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Sunday, 24 January 2016

Looking forward to living in the past.

Not a smartphone in sight

I'm often accused of living in the past but reading through today's newspapers it's clear I'm not on my own. The Times runs a heart-warming story of  wartime romance rekindled after seventy years, while  the Guardian takes a look at  Jimmy Hendrix' lifestyle -  'art nouveau,  Ena Sharples and John Lewis curtains.'

Even the Daily Mail is feeling nostalgic: 1970s - The Best Year of our Lives, shouts a headline.The full-page piece previews Back In Time for the Weekend, a six part series  beginning on BBC2 next month. The  programme makers asked one family to try living in five different decades, starting in 1950. And which did they like best? The 1970s.

The Ashby-Hawkins family - child minder Rob, IT consultant Steph and children  Daisy, 16 and Seth, 12, agreed: 'It gave us a real insight. We've done things we never thought we'd do.We've done things as a  family together which has been brilliant. The Seventies,  they added 'had the perfect balance of convenience and family values before households were splintered by technology.'

The Mail gives us some fun facts about each decade. Did 1950s women  really do housework for eleven hours a day, seven days a week?  Not my mum, that's for sure.

By the 1960s, teenagers had arrived  and bingo became popular with housewives. The TV had made its mark and one in three households had a vehicle 'making day trips possible.'

Home brewing became popular in the 1970s  and by the mid 1980s around three million British households had a home computer.Ten years later Sunday trading was legalised and ten times more people shopped on a Sunday than went to church.

Which brings me back to today. According to the Mail the average adult spends more than eight hours a day on media devices. In fact  people can now sit in the same room but not interact because they are using games consoles, smartphones or tablets.

In last weeks Times Magazine food critic Giles Coren  spent two thirds of his column discussing social media. Dining at the upmarket Sartoria in London's Savile Row he  counted 40 diners, 33 of whom were tapping away on their phones.  'I was so angry,' he wrote 'I got up to glare.'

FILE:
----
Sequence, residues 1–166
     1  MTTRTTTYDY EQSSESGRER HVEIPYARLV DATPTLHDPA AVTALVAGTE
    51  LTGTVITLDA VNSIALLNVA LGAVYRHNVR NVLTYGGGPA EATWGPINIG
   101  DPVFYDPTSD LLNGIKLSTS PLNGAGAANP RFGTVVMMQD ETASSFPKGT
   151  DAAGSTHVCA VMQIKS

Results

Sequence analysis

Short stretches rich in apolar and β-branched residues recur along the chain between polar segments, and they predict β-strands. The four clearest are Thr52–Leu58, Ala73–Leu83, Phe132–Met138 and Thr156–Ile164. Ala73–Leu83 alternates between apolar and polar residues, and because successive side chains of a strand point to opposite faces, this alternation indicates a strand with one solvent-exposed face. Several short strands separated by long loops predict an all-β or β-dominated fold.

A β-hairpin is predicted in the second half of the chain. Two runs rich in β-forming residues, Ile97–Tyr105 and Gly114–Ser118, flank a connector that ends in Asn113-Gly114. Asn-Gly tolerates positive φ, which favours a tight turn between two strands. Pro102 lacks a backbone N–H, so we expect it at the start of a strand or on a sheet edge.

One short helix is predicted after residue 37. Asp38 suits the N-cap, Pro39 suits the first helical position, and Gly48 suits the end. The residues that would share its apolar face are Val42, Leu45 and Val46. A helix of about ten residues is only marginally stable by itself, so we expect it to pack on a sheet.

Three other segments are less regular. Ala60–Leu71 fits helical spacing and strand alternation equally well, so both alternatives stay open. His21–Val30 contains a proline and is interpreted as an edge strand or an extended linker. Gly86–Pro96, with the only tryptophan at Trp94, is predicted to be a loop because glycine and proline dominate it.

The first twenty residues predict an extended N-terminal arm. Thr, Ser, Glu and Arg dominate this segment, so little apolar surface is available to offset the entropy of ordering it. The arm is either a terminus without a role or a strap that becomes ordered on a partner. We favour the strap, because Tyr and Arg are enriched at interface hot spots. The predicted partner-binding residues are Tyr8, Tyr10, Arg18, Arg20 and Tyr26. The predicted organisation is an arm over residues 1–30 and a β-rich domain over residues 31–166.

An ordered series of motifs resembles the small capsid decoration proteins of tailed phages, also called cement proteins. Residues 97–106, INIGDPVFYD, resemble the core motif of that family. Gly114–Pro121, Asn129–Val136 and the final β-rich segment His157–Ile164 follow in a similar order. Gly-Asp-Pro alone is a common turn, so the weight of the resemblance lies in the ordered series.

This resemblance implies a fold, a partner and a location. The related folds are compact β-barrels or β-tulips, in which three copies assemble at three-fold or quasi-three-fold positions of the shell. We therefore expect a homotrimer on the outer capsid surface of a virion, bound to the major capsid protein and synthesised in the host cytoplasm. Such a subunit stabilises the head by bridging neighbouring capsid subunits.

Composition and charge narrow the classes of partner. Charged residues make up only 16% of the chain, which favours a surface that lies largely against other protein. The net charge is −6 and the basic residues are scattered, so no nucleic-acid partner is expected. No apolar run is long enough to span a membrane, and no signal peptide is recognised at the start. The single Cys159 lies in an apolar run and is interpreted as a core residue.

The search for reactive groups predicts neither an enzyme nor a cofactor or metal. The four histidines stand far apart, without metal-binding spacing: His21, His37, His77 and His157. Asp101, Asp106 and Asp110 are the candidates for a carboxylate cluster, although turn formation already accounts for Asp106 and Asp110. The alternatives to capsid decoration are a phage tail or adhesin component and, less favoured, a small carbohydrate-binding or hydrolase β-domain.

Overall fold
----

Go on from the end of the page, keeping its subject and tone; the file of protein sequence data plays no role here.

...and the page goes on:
The party of a dozen Italians, who didn't speak to each other, upset him the most. They were, he says,  'presumably forking out for this £1,000 meal nobody was paying any attention to.'

So what's the answer? Maybe we should all try a week without our smart phones and laptops and  try a spot of talking for a change. Let me know what you think.


Lindsay said...

I think the 70s were a great decade (although some people wore very dodgy fashions.) I think the comment about the balance of convenience about not being too technological was right. It seems that was the decade when the disparity between the rich and poor of our society was at its least. Now it's getting back to the Victorian era!

As technology - like so much else instead of it being a means to an end it has become the end in itself - not good.

Guernsey Girl said...

Oh, Lindsay - I can remember the dodgy fashions (I think I may have worn them!)
But seriously, I really agree with your comments. That's why I'm so fascinated by the past. We're all searching for happiness but some seemed to have found it it a very long time ago. Thanks for joining in.

Barbara Fisher said...

Hello Marilyn, I’m so looking forward to Back in time for the weekend – I think it starts on Wednesday, so I must check that out. My mum did a lot of housework and gardening back in the 50s, and if you count the hours looking after my sister, brother and I then it was probably more than 11 hours a day. The washing took for ever as it was all done by hand or in a big old copper. I am very nostalgic for the 50s, but I would want to go back as a child.

I get very annoyed if I’m out with someone who spends the entire time on a mobile device (my husband does it) – it is just plain rude!

I hope you had a good Christmas and New Year; we had a wonderful time with our family (no mobile devices allowed!)

Guernsey Girl said...

Hello Barbara - it's lovely to hear from you. I can remember my mother having a wringer in the kitchen ( an electric one that turned automatically rather than having to turn it by hand.) It was made by Goblin and lasted for years. But then everything lasted for years in the fifties - you only replaced an electrical item if it no longer worked. It's great to have more time to ourselves these days but I wonder just how much of it we do spend on our laptops and mobile phones? I'm going to switch mine off now and watch a forties film. Nothing makes me long for the past more than Bacall and Bogart.

Barbara Fisher said...

Hi Marilyn,
I can honestly say I didn't miss my laptop over Christmas and the New Year but once the family left I was back! I spend hours and hours clicking away – to the point where the ironing is miles high, and no food gets cooked!
Did you watch the first part of Back in Time for the weekend? I loved it! My dad spent hours out in his shed, making and mending, and we always had fresh vegetables from the garden. It’s sad how much life has changed, but I still wouldn't want to be without my gadgets. I would much rather sit her and ‘talk’ to you than be doing that ironing!
I hope you enjoyed the film. My favourite is The African Queen with Katharine Hepburn and Humphrey Bogart. I've watched it dozens of times.